1. Never leave your toddler and dog unsupervised.  Even if your dog is friendly and well-trained, accidents can happen. Always keep an eye on them and intervene if you see signs of stress or discomfort from either party.

2. Invest in baby gates. This will give both your toddler and dog the freedom to roam and have their own separate spaces for playing and napping. You can also use baby gates to block off areas that are off-limits to your dog, such as the nursery or the kitchen.

3. Provide an example of calm interaction with the dog.  As a dog parent, you need to make sure that you are petting and interacting with your dog regularly. This will show your toddler how to treat the dog with kindness and respect. You can also teach your toddler some basic commands, such as “sit” or “stay”, and reward the dog with treats when he obeys.

4. Teach your toddler to respect the dog’s body, safe zones, and belongings.  Explain to your toddler that dogs don’t like to be hugged, kissed, pulled, or poked. Show your toddler how to gently stroke the dog’s back or chest, and avoid touching his face, ears, tail, or paws. Also, teach your toddler not to bother the dog when he is eating, sleeping, or resting in his crate or bed. Finally, teach your toddler not to take away the dog’s toys, bones or food, and provide him with his own toys instead.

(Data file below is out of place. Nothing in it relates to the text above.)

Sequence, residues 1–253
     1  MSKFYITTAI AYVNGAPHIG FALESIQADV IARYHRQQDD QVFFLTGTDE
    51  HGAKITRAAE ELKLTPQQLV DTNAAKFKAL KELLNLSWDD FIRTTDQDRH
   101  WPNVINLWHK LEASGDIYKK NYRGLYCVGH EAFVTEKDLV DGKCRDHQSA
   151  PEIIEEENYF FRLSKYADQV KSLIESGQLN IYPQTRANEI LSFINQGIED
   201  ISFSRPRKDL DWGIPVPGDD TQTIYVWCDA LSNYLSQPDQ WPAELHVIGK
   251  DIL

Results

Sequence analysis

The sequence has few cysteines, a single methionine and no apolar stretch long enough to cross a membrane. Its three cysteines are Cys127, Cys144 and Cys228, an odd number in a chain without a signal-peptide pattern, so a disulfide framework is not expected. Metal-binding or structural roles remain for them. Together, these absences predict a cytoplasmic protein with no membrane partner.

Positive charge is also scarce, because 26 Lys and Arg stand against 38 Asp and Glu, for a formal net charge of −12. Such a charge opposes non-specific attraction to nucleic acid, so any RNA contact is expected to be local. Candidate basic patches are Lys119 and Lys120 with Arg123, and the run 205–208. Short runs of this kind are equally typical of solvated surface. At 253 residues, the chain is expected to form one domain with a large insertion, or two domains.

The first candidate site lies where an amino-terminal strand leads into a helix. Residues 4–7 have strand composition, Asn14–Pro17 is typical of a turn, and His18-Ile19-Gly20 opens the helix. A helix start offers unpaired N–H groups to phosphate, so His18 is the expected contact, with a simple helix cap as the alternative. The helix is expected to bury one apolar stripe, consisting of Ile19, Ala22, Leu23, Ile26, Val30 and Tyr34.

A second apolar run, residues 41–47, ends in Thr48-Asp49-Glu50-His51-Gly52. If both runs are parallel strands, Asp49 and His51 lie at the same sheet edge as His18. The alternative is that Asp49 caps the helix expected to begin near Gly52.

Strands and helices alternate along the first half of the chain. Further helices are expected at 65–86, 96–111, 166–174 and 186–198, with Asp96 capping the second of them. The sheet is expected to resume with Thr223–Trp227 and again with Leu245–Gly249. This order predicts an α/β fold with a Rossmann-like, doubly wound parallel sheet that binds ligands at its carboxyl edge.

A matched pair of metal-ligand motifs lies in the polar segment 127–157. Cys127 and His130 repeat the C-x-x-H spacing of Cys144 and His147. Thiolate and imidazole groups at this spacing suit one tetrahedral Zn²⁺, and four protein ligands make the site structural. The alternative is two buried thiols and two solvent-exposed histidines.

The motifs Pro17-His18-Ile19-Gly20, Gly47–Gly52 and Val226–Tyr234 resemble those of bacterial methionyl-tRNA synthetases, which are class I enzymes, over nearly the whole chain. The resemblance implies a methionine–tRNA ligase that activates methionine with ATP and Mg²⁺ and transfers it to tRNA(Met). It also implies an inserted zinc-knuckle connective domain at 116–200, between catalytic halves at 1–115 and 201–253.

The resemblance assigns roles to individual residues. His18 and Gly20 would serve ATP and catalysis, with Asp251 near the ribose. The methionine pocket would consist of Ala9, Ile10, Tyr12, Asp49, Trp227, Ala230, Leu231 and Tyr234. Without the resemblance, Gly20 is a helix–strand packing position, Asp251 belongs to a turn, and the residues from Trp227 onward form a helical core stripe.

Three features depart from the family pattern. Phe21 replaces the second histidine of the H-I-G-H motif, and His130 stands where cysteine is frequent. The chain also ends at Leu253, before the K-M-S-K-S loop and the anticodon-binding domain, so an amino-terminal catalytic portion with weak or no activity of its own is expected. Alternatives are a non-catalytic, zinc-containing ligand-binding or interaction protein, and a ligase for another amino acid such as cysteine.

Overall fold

5. Demonstrate correct behavior. If your toddler does something that annoys or scares the dog, correct him immediately and calmly. For example, if your toddler grabs the dog’s fur, say “No, that hurts the dog. Let go gently.” Then show him how to pet the dog softly. If your toddler chases the dog, say “No, that scares the dog. Stop running.” Then show him how to walk slowly and quietly around the dog.

6. Praise and reward positive interactions. When your toddler and dog are playing nicely together, give them lots of praise, treats and attention. Your dog will learn that good things happen whenever kids are around, and your toddler will learn that being gentle and respectful with the dog is fun and rewarding.

By following these tips, you can help your dog and your toddler develop a strong bond that will last a lifetime.

Body Language of Fear in Dogs

Dog Body Language of Fear Poster

Many bites could be avoided if owners recognized the subtle signs of dogs feeling stressed, anxious, or fearful.  If you notice your dog exhibiting any of these signs remove them, if possible, from the situation to avoid your dog escalating to a dog bite. Share this poster with your child and learn together how to identify these important body language signals!